How to Animate Text adobe after Effects

how to animate text in adobe after effects cs6 and how to animate text in adobe flash adobe premiere elements 10 text animation adobe after effects tutorial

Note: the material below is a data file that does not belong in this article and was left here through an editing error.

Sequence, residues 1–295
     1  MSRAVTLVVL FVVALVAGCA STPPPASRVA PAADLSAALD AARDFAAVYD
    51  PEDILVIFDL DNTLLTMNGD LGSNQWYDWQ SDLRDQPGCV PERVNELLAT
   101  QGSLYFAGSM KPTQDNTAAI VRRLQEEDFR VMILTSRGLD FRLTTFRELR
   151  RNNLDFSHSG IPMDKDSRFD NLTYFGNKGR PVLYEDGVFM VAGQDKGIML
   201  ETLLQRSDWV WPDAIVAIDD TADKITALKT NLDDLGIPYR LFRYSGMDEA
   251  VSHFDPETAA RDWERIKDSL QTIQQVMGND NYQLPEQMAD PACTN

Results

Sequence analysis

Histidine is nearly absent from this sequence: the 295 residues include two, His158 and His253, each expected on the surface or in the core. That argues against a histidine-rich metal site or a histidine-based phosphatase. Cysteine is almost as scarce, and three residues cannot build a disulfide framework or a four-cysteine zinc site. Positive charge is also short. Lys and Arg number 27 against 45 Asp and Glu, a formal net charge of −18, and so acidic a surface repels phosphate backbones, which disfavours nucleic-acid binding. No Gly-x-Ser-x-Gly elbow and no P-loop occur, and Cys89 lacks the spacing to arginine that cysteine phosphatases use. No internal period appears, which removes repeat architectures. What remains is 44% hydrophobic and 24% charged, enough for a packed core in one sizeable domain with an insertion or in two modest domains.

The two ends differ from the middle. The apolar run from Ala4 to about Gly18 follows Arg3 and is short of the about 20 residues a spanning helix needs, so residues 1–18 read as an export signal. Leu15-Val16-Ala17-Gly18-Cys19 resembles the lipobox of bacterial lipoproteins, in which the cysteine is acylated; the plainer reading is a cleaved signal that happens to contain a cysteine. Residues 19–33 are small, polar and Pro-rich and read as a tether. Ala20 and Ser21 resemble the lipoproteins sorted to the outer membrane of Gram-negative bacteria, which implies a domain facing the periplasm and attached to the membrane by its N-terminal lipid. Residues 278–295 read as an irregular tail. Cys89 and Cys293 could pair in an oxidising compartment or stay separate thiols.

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c HAPTEr 3 Adding and Formatting Text n spite of the old saw about a picture being worth a thousand words, often words are the right tool for the job. When you want to label a button, build a menu-based Inavigation system, or provide how-to instructions for a particular task—it’s time for text. Animate is rooted in HTML5, so it gives you the same properties and text-handling features that you’d find in other web-building tools like Adobe Dreamweaver. That means you won’t have all the typographic features that you’d find in a page layout program or a more complex graphics program like Flash. As you’ll learn in this chap- ter, you do get your choice of fonts, and you can set the size, color, and alignment. If Animate doesn’t have the special font that you need, you can use web fonts. For example, this chapter shows how to link to Google’s web fonts. In addition, you’ll learn how to apply transforms and effects just like those used with graphics and photos. Along the way, you’ll learn how to animate your text, giving it a little bounce. Links are important to any web page. This chapter explains how to import and manage HTML text that includes links on specific words. HTML has a number of tags that are used to identify the content of text, such as block quotes from other sources and computer code used for examples. You’ll learn which tags Animate uses and how to apply those tags to text. 55Addin G Tex T To y o Ur Adding Text to Your Project Proje CT There are three ways to add text to your Animate project: • Use the text tool. In the Tools palette, click the big T (or use the shortcut key T), and then in your document, click and drag to create a text box. Initially, you don’t have to worry too much about positioning or sizing the text box. You can manage those details later. Just go ahead and start typing. Try the phrase “ON the EDGE.” The text you enter appears on the stage, as shown in Figure 3-1. If you want to create multiple paragraphs, just press Enter (Return) as you would in your word processor. When you’re done, you can close the text window by pressing Esc or clicking the x button in the upper-right corner. • Copy and paste. If you’re working with large blocks of text, you may have al- ready worked up a draft in a word processor or some other source. In that case, you can copy the text in your word processor, and then in Animate create a text box and press Ctrl+V (c-V) to paste it into your project. It won’t be formatted exactly as it was originally, but the text will be there. This process maintains some of the major formatting, such as paragraph breaks. • o pen HTML with text. Perhaps you have a web page already created in an HTML editor or some other web-building tool. You’d like to add some anima- tion excitement to the static page. You can open that page in Animate using File➝Open and then use Animate to make the elements move. You’re limited in what you can do with text imported in this way. You can’t edit it or change its formatting. In essence, it’s just another graphic element you can use in an animation. One significant advantage to this method is that links within the text are maintained. Figur E 3-1 As you enter text in the lower box, it’s displayed on the stage in the upper box. The box with the blue border is the text box, which remains on stage when you’re done typing. The lower box is sometimes called an IME for “input method editor.” When you’re through entering text, click the X in the upper-right corner to close the IME. About Text Containers Once you’ve added text to your project, its location and size are managed by a text container called a text box. You can reposition your text by dragging it or by changing the Position properties. To move text manually, click the Selection tool (it looks like an arrow) or press the shortcut key V. As with other elements, the x and Y properties position the upper-left corner of the text box, so you can position text ADOBe eDGe Anim Ate Preview 7: t he m issin G mA nu Al 56Ch An Gin G Tex T-sP eCifi C with precision by typing x and Y values in Properties. To reshape the text box, drag Pro Per Ties one of the handles or change the W or H properties. Keep in mind you need to delink the size properties to change W and H independently. Initially, Animate displays all your text whether it fits in the box or not, so if your text doesn’t fit within the height of the box, it extends out the bottom. If that’s not the behavior you want, you can use the clipping tools (page 66) to trim the bottom of the text box. For that matter, you can trim the top or sides, too. Changing Text-Specific Properties Once you have text in your Animate project, there are several text-specific properties that you can use to change its appearance, as shown in Figure 3-2. These properties appear in the Text subpanel. Initially, some of the less-used options may be hidden. Click the button in the lower-left corner of the subpanel to show and hide additional properties. The names for each of these tools follow CSS (cascading style sheet) naming conventions, so they are lowercase with hyphens between words. There are more details about CSS on page 168. • font-family. You can choose from several different typefaces. You might not find all the same fonts that you have on your computer. In web design, you’re limited to fonts that are available to your audience unless you have a way of providing the font with your project. For more details on fonts and typefaces, see the next section. For a way to find and use additional fonts, see page 61. • color. Click the swatch, and the standard color picker appears where you can set the color for your text. • font-size. Dial in font size by number. • font-unit. Animate uses three different units for specifying font size: pixels (px) ems (em) and percentage (%). Pixels are equivalent to a single dot on a moni- tor. An em is roughly the size of the letter M. Most web browsers give users the ability to adjust the size of text, so an em is a unit that changes according to the browser setting. Percentage is a useful option when designing web content that may be viewed on mobile devices as well as desktop computers. • font-style. Slants the text so it looks like italics. • font-weight. Gives you several options such as Thin, Extra Light, Normal, and Extra Bold. The order of options and their accompanying numbers give you hints for comparing the different weights. • font-decoration. Use this button to underline text. • text-align. Just like your word processor, Animate lets you align text right, center, or left. Alignment affects all the text in the text box. So if you want to create one paragraph aligned right and one paragraph centered, they must be in separate text boxes. Ch APter 3: Addin G And f orm ATTin G Tex T 57Ch An Gin G Tex T-sP eCifi C • text-indent. Indents the first line within a text box. It’s likely that later versions Pro Per Ties of Edge Animate will make this option a little more useful. • line-height. Use to set the space between lines of text. • letter-spacing. As the name implies, you can adjust the space between letters. Often used to create distinctive headlines or company logos, this effect should be used sparingly for normal body text. • word-spacing. Varies the distance between words. Use carefully or you may end up with awkward, hard-to-read text. Font-size Figur E 3-2 Font-family Font-size-units Animate provides the standard text formatting options, including choice of font, style, size, color, and align- ment. In addition to these properties, you have access Font-size Color to the same properties available to graphics, such as Font-decoration Font-weight size, location, rotate, and skew. If you’re not sure what Font-style one of these widgets does, hold the cursor over it. A Letter-spacing tooltip appears with the tool name. Line-spacing Word-spacing Text-indent About Typefaces and Fonts Choosing a typeface for your project should be fun—just not too much fun. Make your typeface decisions based on the job at hand, and you can’t go wrong. Think about what you expect your type to do, and then help it do that job by choosing the right typeface, style, size, color, and alignment. Beginning designers often treat text as yet another design element and let the desire for a cool look override more practical concerns. Designers sometimes talk about a text block as if it’s just another shape on the page. But cool type effects can torture your readers’ eyes with hard-to-read backgrounds, weird letter spacing, or hopelessly small font sizes. (For more advice on readability, see the box on page 61.) When you specify type for a web page, you have to take into consideration which fonts are available to your audience. If you specify a font that your audience doesn’t have, the web browser will supply a substitute. Sometimes that substitute is close to your spec, and other times not so much. This has always been a challenge for web designers. In the past, designers could expect different fonts on Mac, Windows, and Linux computers. That situation has improved over the years, but most web design- ers always specify a list of two or three fonts, such as Arial, Helvetica, sans-serif. When a web browser sees the list, it uses Arial (originally a Windows font), if that’s available. Next, it tries Helvetica—a font that was most common on Macs. If neither is available, the browser looks for some other sans-serif font. All of Animate’s font specs use this multiple-choice method. In addition, the fonts listed are very likely to be available to your audience. Your choices are: ADOBe eDGe Anim Ate Preview 7: t he m issin G mA nu Al 58Ch An Gin G Tex T-sP eCifi C • Verdana, Geneva, sans-serif. Verdana (see Figure 3-3) was developed for Pro Per Ties Microsoft and is widely available on both Windows and Macs. The goal was to create a typeface that’s readable on a computer screen in small sizes. Geneva was designed for the Apple with the same goal and was available on the original Mac. Both of these typefaces are good for long paragraphs of text. The term sans-serif is borrowed from the French and means without serifs. Serifs in ty- pography are the extra bars and strokes at the ends of letters that you see in some typefaces. In print, experts feel that serifs help make type more readable and lead the reader’s eye along a horizontal line. Type isn’t quite as sharp on computer screens, so the serifs’ helpfulness isn’t quite as obvious. (The text in this book is a sans-serif font.) • Georgia, Times New Roman, Times, serif. Times was a typeface developed for the New York Times newspaper way back when. It’s a very readable typeface and works well for long paragraphs of text. Times New Roman and Georgia are similar to this much-imitated font. • Courier, Courier New, monospace. Back in the old days, when office workers used typewriters, everything looked like Courier. The term monospace means that every character is provided the same space horizontally. This creates notice- able gaps to accommodate narrow characters like “i,” which get just as much space as “M”. Monospace fonts are a little harder to read compared to a typeface like Times, but they do make a primitive kind of statement. Monospaced fonts are often used to display computer code. • Arial, Helvetica, sans-serif. The monarchs of the sans-serif world, Arial and Helvetica, are used all over the place. They’re also widely available to most computers. These typefaces can be used for body text or headlines. If you want a bolder typeface for a heading, choose Arial Black, Gadget, sans-serif. • Tahoma, Geneva, sans-serif. Tahoma was designed for Microsoft and Geneva for Apple. Tahoma is a little narrower than its counterpart Verdana, which means you may be able to get more characters per line at a small sacrifice in terms of readability. • Trebuchet MS, Arial, Helvetica, sans-serif. Trebuchet MS is a font that’s more distinctive than Arial and Helvetica and not nearly as ubiquitous. A good type- face for headings of all sizes. It was also developed by Microsoft and widely distributed along with Office and other Microsoft applications. • Arial Black, Gadget, sans-serif. Arial Black and Gadget are both heavy fonts, meaning they have very thick lines. Use these typefaces when you’re creating big, bold headlines. • palatino Linotype, Book Antiqua, palatino, serif. Palatino is a typeface that’s been widely available on computers since the Mac first adopted it. An attractive and readable font, the Palatino family of typefaces has grown over the years. This specification refers to the original serif font. Ch APter 3: Addin G And f orm ATTin G Tex T 59Ch An Gin G Tex T-sP eCifi C • Lucida Sans Unicode, Lucida Grande, sans-serif. Lucida Sans Unicode was Pro Per Ties designed to supply a font that supported the most commonly used characters in the large Unicode standard. (The Unicode computer standard was developed to handle and display text used in most of the world’s writing systems.) • MS Serif, New York, serif. These are basic serif fonts provided by Microsoft and Apple, respectively. • Lucida Console , Monaco, monospace. Lucida Console and Monaco are mono- spaced, sans-serif typefaces, as shown in Figure 3-3. These are a good choice for menus or other user interface elements. In general, they won’t work as well in large blocks of text. Sometimes you may want to use a special or decorative font that’s not included in Animate. Perhaps it’s a company logo or a special heading style. In those cases, you might want to turn the text into a graphic. Create the text in a word processor or page layout program, and then take a screenshot to turn the text into a JPEG image. At that point, you can import the JPEG into Animate just like any other graphic ele- ment (see page 47). The downside of this technique is that your text can’t be edited within Animate. Another alternative for displaying unique fonts is to use a web font as explained in the next section.  No TE  If you want to be technical in a Gutenbergian fashion, typefaces are families of fonts. Times Roman is a typeface, while “Times Roman, bold, 12 point” is a font. Somewhere along the line, as type moved from traditional typesetters to computer desktops, the meaning of the word “font” came to be synonymous with “typeface.” That’s OK, but knowing how the terms originated makes great cocktail party banter. Figur E 3-3 Changing a typeface is as easy as selecting a font from the drop-down menu. However, it’s important to choose the right typeface for the job. Arial Black is great for headings and bold state- ments, but it would be painful to read multiple paragraphs of the stuff. That job is better suited to Times New Roman or Verdana, which are very readable at small font sizes. ADOBe eDGe Anim Ate Preview 7: t he m issin G mA nu Al 60Usin G Web f on Ts FREQUENTLY ASKED QUESTIo N Small Is Beautiful How can I use small type and make sure it stays readable? it doesn’t have the tiny end bars (serifs) you often find in For most people, reading text on a computer or iPhone screen type. Computer screens have a hard time creating sharp is more difficult than reading it off a piece of paper. If your serif type at very small sizes. Animate project includes text with small font sizes (12 px or • Use both upper- and lowercase type for anything other less), there are a few things you can do to keep your audience than a headline. Even though all-caps type looks bigger, from straining their eyes. Actually, the fact of the matter is, it’s actually less readable. The height differences in people simply won’t read text if it’s too hard to see. lowercase type make it more readable. Besides, too • If possible, bump the type up to a larger size. At small much uppercase type makes it look like you’re shouting. sizes, a single pixel makes a big difference. • Avoid bold and italic type. Bold and italic are often hard to • Black text on a white background is easiest to read. If you read at small font sizes. It varies with different typefaces, don’t want to use that combination, opt for very dark text so it doesn’t hurt to experiment. on a very light background. If you have to use light text It never hurts to get second and third opinions. If you’ve got on a dark background, make sure there’s a great deal of eyes like an eagle, you may want to get some opinions from contrast between the colors. your less-gifted colleagues when it comes to readability. You • Use sans-serif type, like Verdana, Arial, or Tahoma for want your Animate project to be accessible to as wide an small sizes. Sans-serif type looks like the text in this book; audience as possible. Using Web Fonts There’s another way to increase the number of typefaces you use in your Animate animations. For years, web designers have been using web fonts. For programs, including web browsers, to display a specific font, they need to have access to the font description. Usually, that description resides on the same computer as the pro- gram—sometimes called the client. Web fonts work a little differently. For example, with Google’s web fonts (www.google.com/webfonts), the definitions for the fonts are stored on Google’s servers. As a web designer, you can use these fonts by adding code to your pages that tell browsers where to find the font descriptions.  No TE  In web-speak, the computer with the browser is called the client; the computer serving up the web pages is the host. Ch APter 3: Addin G And f orm ATTin G Tex T 61Usin G Web First, find the web font you want to use. Google web fonts are free and surprisingly easy f on Ts to use, so they’re a great candidate for your first attempt. Here are the steps to select - ing a Google web font and grabbing the code you need to identify it in your project: 1. In your web browser, go to: www.google.com/webfonts. You see a page displaying font samples. There are hundreds, so the widgets on the left help you filter the fonts. The buttons at the bottom of the page direct you to the three steps for a successful web font hunt: Choose, Review, and Use. 2. On the left, below the word Filters, click the drop-down menu. Choose from Serif, Sans-Serif, Display, and Hand Writing. The menu uses checkboxes, so you can choose a combination of characteristics. For example, you could use Sans-Serif and Display. 3. If necessary, use the Thickness, Slant, and Width sliders to narrow your font search. With so many choices, it helps to thin the crowd of fonts displayed on the screen.  TIp  At first, the Search box isn’t much use to you because Google web fonts don’t have the familiar names. After you use them a bit, you’ll probably find a few favorites that you use repeatedly. If you remember their names, then you can use the Search box to quickly find that needle in the haystack. 4. Use the tabs at the top of the font window to change the display to Word, Sentence, or Paragraph. If you’re looking for a font for headings the Word or Sentence tab is the best choice. If you’re choosing a font for body text, make sure you check its appear- ance with the Paragraph option. 5. Click the blue “Add to Collection” button. You can have more than one font in a collection, but for page-rendering speed and good design, you’ll want to limit the number of fonts you use. 6. Click Review. This step may not always be necessary, but as the name implies, on this page you can take a closer look at your font in use as a headline or paragraph. 7. Click Use. A new page loads with instructions for using the fonts on your web site. Part way down the page is a blue box with the heading “Add this code to your website”; see Figure 3-4. ADOBe eDGe Anim Ate Preview 7: t he m issin G mA nu Al 62Usin G Web f on Ts Figur E 3-4 Google provides several different code samples for using their web fonts on your website. The shortest and easiest one to use is under the Standard tab shown here. 8. Click the Standard tab and then select and copy the code displayed. With the code stored on your clipboard, you’re ready and loaded for the sec- ond part of the process: adding the location for the font description to your Animate project. Adding Web Fonts to Your Composition Once you’ve chosen a Google or other brand web font and copied the code that identifies it, adding to your project easy in Animate. Here are the steps: 1. In the Library panel, on the bar that says Fonts, click the + button, as shown in Figure 3-5. The Add Web Font dialog box opens. 2. Paste the code that identifies the location of your font in the lower “embed code” text box. This code is provided by the same organization that hosts the web font. If you followed the previous steps, the code is stored on your clipboard. 3. Type the name of web font in the upper Font Fallback List along with the fonts that should be used if the web font isn’t available. If the client computer isn’t connected to the Internet, then the web font won’t be available. 4. Click the Add Font button. The font now appears in the Font Name drop-down menu when you’re work- ing with text. Ch APter 3: Addin G And f orm ATTin G Tex T 63Usin G Web f on Ts Figur E 3-5 Three steps for adding fonts to your project. Top: Click the Add Web Font button. Middle: Paste in the code that identifies the location for the web font description. Bottom: Choose your new font from the Font Name box. ADOBe eDGe Anim Ate Preview 7: t he m issin G mA nu Al 64Ch An Gin G o Ther Tex T There are a few of things to keep in mind when you expand your font toolbox by Pro Per Ties using web fonts: • It takes browsers a little longer to find, download and use web fonts compared to fonts stored on the local computer. • Web fonts won’t be available to computers or mobile devices that aren’t con- nected to the Internet. • Just because you have access to a bunch of new fonts, that doesn’t mean you have to use them all. Don’t sacrifice readability for novelty. No TE Google web fonts have the significant advantage of being free to use, but they aren’t the only game in town. You’ll find other options at http://typekit.com, http://webfonts.fonts.com, and http://fontsquirrel.com. Changing Other Text Properties Like any other element in Animate, you probably don’t expect your text to be static all the time. Fortunately for you, the designer, you don’t have to learn new tools to make your text dance around the screen. The x /Y Position properties determine where your text appears, and the W/H Size properties determine the dimensions of the text box. Keep in mind that the Size properties change the size of the text box, but they don’t change the size of the letters. To change the size of the letters, you can use the font-size properties or the Scale properties. As with drawings and photos, you can create property keyframes in the timeline to make text properties change over time. For example, page 21 showed how to use the Opacity setting to make text fade in and out. Remember those fold, spindle, and mutilate tools? You can use the Transform prop- erties on text, too. Go ahead and rotate or skew blocks of text for special effects as you add or remove them from the web page. Use the Scale properties to make the text box and the text inside bigger or smaller. Scale works on text the same way it works on a JPEG image: Dial in a percentage, and everything grows or shrinks.  No TE  Animate anticipates how you want your text to move. With this in mind, it automatically puts the transform origin in the middle of the text box. That makes it a cinch to create a headline that spins like a pinwheel. Naturally, you can reposition the Transform Origin at any time using the X/Y transform origin properties. Ch APter 3: Addin G And f orm ATTin G Tex T 65Cli PPin G Tex T Aro Und The Clipping Text Around the Edges ed Ges As with other graphic elements on the stage, you can use Clip properties to hide the edges of a text box. It’s a lot like cropping the edges of photograph. Suppose you want animate a text box so that at first only a pinpoint in the middle is visible, then it grows to display an entire block of text. Select your text and then look near the bottom of the Properties panel. Click the triangle button to expand the Clip subpanel. In the upper-right corner of the subpanel, click the button to turn clipping on. Edge Animate provides four controls that represent the top, bottom, left, and right edges of the element (Figure 3-6, bottom). Type or scrub in values in pixels (px). As you make changes, you see the effect they have on your text box. Want to remove clip properties after you’ve applied them? Just right-click (Control-click) the clipped element and choose Remove Clip from the shortcut menu. Figur E 3-6 Clip properties give you an easy way to crop a text box. Top: The right and bottom edge of the text box are hidden. Bottom: That effect was created by increasing the values of the right and bottom clip properties. Making That Headline Drop In In most cases, the purpose of text is to communicate a message, so it’s counter- productive to subject your audience to constantly moving and changing text. That doesn’t mean you can’t have a little bit of fun. For instance, you may want to have the heading on your web page drop down or bounce into place when the page first loads. Check out 03-01_Heading_Drop_done if you want to see an example. In this project, you create a banner at the top of the stage. When the web page loads, three words—“ON the EDGE”—drop into place. In this case, you’re animating the phrase “ON the EDGE.” You break the words into three separate text boxes, so that you can move each word independently. In other cases, you may want to animate all the individual letters in a word or phrase. The toughest part of the trick is to get the letter or words to line up properly once they’re in place. You want letter spacing to look natural, and you want the text to sit evenly on a horizontal line. Often, when you’re animating words or letters like this, it helps to create a positioning template, and that’s exactly what you do in this project. The positioning template (Figure 3-7) is visible at design time to help you align those moving words and letters. When you’re done building the animation, you can remove the template. ADOBe eDGe Anim Ate Preview 7: t he m issin G mA nu Al 66mA kin G Th AT h eAdline Here are the steps to create a drop-in heading: dro P in 1. Create and save a new 550 × 400 document with a white background color. As usual, create a new folder to hold the HTML and JavaScript files for your project. 2. With the Rectangle tool (M), create a rectangle 550px x 100px and place it at x=0, Y=0. Set the background color to R=200, G=210, B=250 and A=100%. Set border color to none. Give the rectangle the ID BannerBG. The quickest way to make a rectangle to spec is to drag out a quick box that’s any old shape and then type in the values in Properties. Make sure you click the link next to the W/H Size properties so you can enter nonproportional values. 3. In the Elements panel, click the Lock Element button next to BannerBG. A padlock appears next to BannerBG. Now, you can’t accidentally select or move the blue box on the stage. 4. Select the text tool and drag out a text box. Then type ON the EDGE. Set the font to Arial Black; the size to 72 px; and the alignment to Centered. This text will serve as a positioning template for the animated text. Figur E 3-7 When you animate words and letters, it can be tough to get the spacing exactly right. If you create a positioning template, using a single text box, you can use it as a guide for placing words and letters in their final positions. Ch APter 3: Addin G And f orm ATTin G Tex T 67mA kin G Th AT h eAdline 5. In Properties, give the text box the name OnEdgeTemplate. dro P in As with your graphics, you want to be able to identify different blocks of text in the timeline and the Elements panel. At this point, the properties for the text look like Figure 3-8. Figur E 3-8 Arial Black is the thickest, boldest typeface in your text toolbox. It’s well-suited to massive headings and titles. Using the 72 px font size and the Center Align property makes this ban- ner fill the stage. 6. Set the text box’s size and location to match the colored rectangle, with the size to 550px x 100px and the location to x=0, Y=0. When you’re done, the top of the Animate stage should look like Figure 3-9. If for some reason the text is behind the blue box, you can change the Z-order in the Elements panel. Just drag OnEdgeTemplate so that it’s above BannerBG. Figur E 3-9 The blue box and your text box have identical Size and Location properties. That means the text appears centered over the blue box, making an attractive page banner. ADOBe eDGe Anim Ate Preview 7: t he m issin G mA nu Al 68mA kin G Th AT h eAdline 7. Select OnEdgeTemplate and then press Ctrl+D (c-D). dro P in This duplicates the text, though you might not notice right away because it is placed right on top of the previous text. However, you can see OnEdgeTem- plateCopy in the Elements panel. 8. Drag OnEdgeTemplateCopy down to the middle of the stage. In the next steps, you’ll use this to create individual text boxes with separate words: “ON,” “the,” and “EDGE.” Before that, it’s a good idea to finish setting up the positioning template. 9. Select the original OnEdgeTemplate and then set the Text Color to red (ff0000). As advertised, this text is being used for a positioning template. Later, the bright red color will make it easier to see if the text is correctly positioned. 10. In Elements, click the Lock Element button next to OnEdgeTemplate. This locks your positioning template in place so you can’t accidentally select or move it. 11. Select OnEdgeTemplateCopy and press Ctrl+D (c-D) twice. This creates two more copies of the entire banner text. 12. Double-click the first OnEdgeTemplateCopy . In the text edit box, delete every- thing except the word “ON.” Then in Properties, rename the text ON. It’s best to eliminate extra spaces when you’re animating single words or letters and you should reduce the width the text box to fit the edited text. 13. Repeat step 12 to make text elements for the and EDGE. You now have three properly labeled words that you can identify and animate independently. You may want to resize the text boxes’ width to match the words, as shown in Figure 3-10. 14. Drag the word “ON” up so that it is above and slightly to the left of the stage. Drag the word “EDGE” so that it is above and slightly to the right of the stage. Drag the word the straight up so that it is above the stage. These are the starting positions for each of the words. They should be com- pletely offstage. 15. Select “ON” and change the Rotate property to -30. Select “EDGE” and set the rotation to 30 degrees. These two words will appear to drop in at an angle from their respective sides. 16. Select all three words and click the Location and Rotate Add Keyframe buttons. The starting positions for each word are duly recorded in keyframes. Ch APter 3: Addin G And f orm ATTin G Tex T 69m Akin G Th AT he Adline 17. Drag the playhead to the half-second mark: 0:00.500. dro P in The entire animation will take a second, which is plenty of time for a simple animation like this. You don’t want to bore your audience. Each word will take a half-second to complete its move. Each word will start at a different moment.  TIp  This animation uses fractions of a second in the timeline, like 0:00.500 and 0:00.250. If you don’t see those numbers on the timeline, you can use the slider in the lower-right corner of the timeline, as shown in Figure 3-11. Positioning template Figur E 3-10 At this point, the text to be animated is temporar- ily placed in the middle of the stage. The red text over the blue banner serves as a positioning template. After it’s served its design-time function, it will be removed. Three text boxes for animation 18. Select “ON” and set the Rotate property back to 0, and move “ON” over the same word in the positioning template. If you want to review the motion, drag the playhead back and forth. If necessary, you can readjust the start or end point. Just move the playhead into position and tweak the word’s position. 19. Move the playhead to 0:00.250. Then select the word “the” and click the Loca- tion Add Keyframe button. The plan here is to start the word “the” moving before “ON” has finished its movement. However, you want the word “the” to remain motionless for the first quarter-second, so you must create two location keyframes with identical values at 0:00.000 and 0:00.250. ADOBe eDGe Anim Ate Preview 7: t he m issin G mA nu Al 70deAlin G WiTh 20. Drag the playhead to 0:00.750, and then move “the” over the same word in The Tem Pl ATe the positioning template. No rotation is used for “the”, so this word will appear to drop straight down. Figur E 3-11 Use the Timeline Zoom slider to get a better view of the timeline. The units of measure at the top of the timeline change depending on the zoom level. Timeline Zoom Slider 21. Move the playhead to 0:00.500. Select “EDGE” and click the Location and Rotate Add Keyframe buttons. This keeps “EDGE” in place for the first half-second of the animation. 22. Move the playhead to 0:01, and then drag “EDGE” into place over the position- ing template. At the 1-second mark on the timeline, the words have finished their journey, and the first version of the animation is complete, except for removing the positioning template. Before you remove the red positioning template, you probably want to preview the animation. Press Home and then the space bar to get a look. If necessary, you can continue to tweak the starting and ending points for the animated words. For example, you might prefer it if “ON” and “EDGE” drop in first and the word “the” is added last. If you’d like to add a little bounce to the words’ entrance, see page 72. Dealing with the Template The red positioning template isn’t meant to be a permanent part of the animation. So if you’re happy with everything, you can remove it. First turn off the Lock Ele - ment button to make the Template selectable. Then you can select the template in either the Elements panel or on the stage and press Delete. As an alternative, you could turn the template into a drop shadow (Figure 3-12) or glow effect for the text. • For a drop shadow, set the text to a mid-gray tone and then adjust the opac- ity to taste. Something around 30 percent usually works well. You might want to keep the drop shadow hidden until the three words have finished moving. If that’s the case, set the opacity to zero until that point in the animation, and then bring it up. Ch APter 3: Addin G And f orm ATTin G Tex T 71Addin G s ome • For a glow effect, choose a yellow or orange color. Use the Scale control to make bo Un Ce the text slightly larger than the text that drops in place. Again, you’ll probably want to use opacity to control the timing and appearance of the glow text. You might want the glow effect to fade in and then fade out, adding momentary emphasis on the heading.  No TE  Edge Animate Preview 7 adds the ability to create even slicker shadow and glow effects through the drop shadow properties described on page 45. Figur E 3-12 You can turn the position- ing template into a quick and easy drop shadow for your drop-in heading. Apply a gray text color and some opacity and you’re ready to go. Adding Some Bounce If the previous example, where text drops into place, is too sedate for your web page, you might want to consider adding a little bounce to the action. Bounce makes it seem like your web page adheres to the laws of physics. Like a basketball, your text can start with a big bounce and then one or two smaller bounces until it settles into place. You can create your own bounce by adding position keyframes, or you can create a bounce using the Easing properties that are part of the transition in the timeline. Chapter 4 covers the timeline and all of its features in much greater detail. This section will quickly cover some bounce basics. Creating a Bounce Manually You can take a crack at creating a bounce manually using the 03-2_Word_Bounce project. Open the file and examine the Elements panel—you’ll see the stage with three other elements. “BOUNCE” is the word that you’ll animate. “BounceTemplate” (red text) is the positioning template. As in the previous example, this marks the final position for the animated text. The ground element is a gray rectangle that’s positioned at the bottom of the stage. You can think of this as the ground on which the text will bounce. ADOBe eDGe Anim Ate Preview 7: t he m issin G mA nu Al 72Addin G s ome A bouncing motion is created in the timeline by adding keyframes with alternating up bo Un Ce and down locations (Figure 3-13). With the playhead still at 0:00, select BOUNCE and click the “Add Keyframe for Y” button in Properties. This sets the starting point. For the next leg of the journey, drag the playhead to 1:00 and move BOUNCE so that it covers BounceTemplate. Click “Add Keyframe for Y” to add new location keyframes. Drag the playhead to 1.75 and then move BOUNCE up near the middle of the stage. Move the playhead to 2.25 and then move BOUNCE back over the template. You can create a few more bounces using a shorter period for the motion—half a second, then a quarter second. With each bounce up, shorten the distance. When you’re done, your project will look something like 03-3_Word_Bounce_done. When you get tired of a straight up-and-down bounce, you can always add a little rotation to the movement, making it look like the word is bouncing back and forth off of the lower corners. If you reduce the vertical scale property when the text hits the ground, you can create a cartoon-like smooshing action, as if the text were compressing on impact with the ground. Up Up Up Figur E 3-13 Down Down Down Down You can make just about anything bounce in Animate, including text boxes. It’s simply a mat- ter of creating position keyframes that alternate an element’s position. Here the up-down motion is created using the text box’s Y property. Using Animate’s prebuilt Bounce First, a little background about transitions and the concept of easing. When you animate an element on the stage, by changing properties and creating keyframe properties in the timeline, you create transitions. Those transitions are shown visually as bars in the timeline. Like the elements on the stage, transitions have properties, too. One of the properties is called Easing. In the real world, when objects move, they accelerate and decelerate. You never see a car begin to move at full speed or come to a stop instantly. The Easing properties help you create more realistic movement by automatically controlling an element’s transition. It just so happens that one of the easing options helps you to create a bouncing motion. Ch APter 3: Addin G And f orm ATTin G Tex T 73Addin G s ome Here are some steps to explore transition properties: bo Un Ce 1. Open 03-4_Easing_Bounce in Animate. The stage looks suspiciously similar to the Word Bounce exercise. 2. Drag the playhead to 0:01, and then drag BOUNCE down so that it covers BounceTemplate. Animate creates a transition in the timeline. 3. In the timeline, click the transition lane next to BOUNCE. The transition in the timeline is highlighted. 4. At the top of the timeline, click the Easing button. The easing panel appears above the timeline. Initially, the tooltip for this but- ton says Easing: Linear, because that is the easing method that’s applied. With linear easing, the transition is applied at a steady rate from beginning to end. 5. On left side of the Easing panel, click Ease Out. Then, on the right, click Bounce, as shown in Figure 3-14. When you click Ease out, the panel displays a number of Ease Out methods. The graph gives you a visual representation of the easing method. 6. Click outside of the Easing panel. The panel closes and your easing method is applied to the selected transition. Figur E 3-14 Animate provides a number of different easing options for transitions: EaseOutBounce makes an element bounce at the end of the transition. If you want the bounce at the beginning, choose EaseInBounce. Easing ADOBe eDGe Anim Ate Preview 7: t he m issin G mA nu Al 74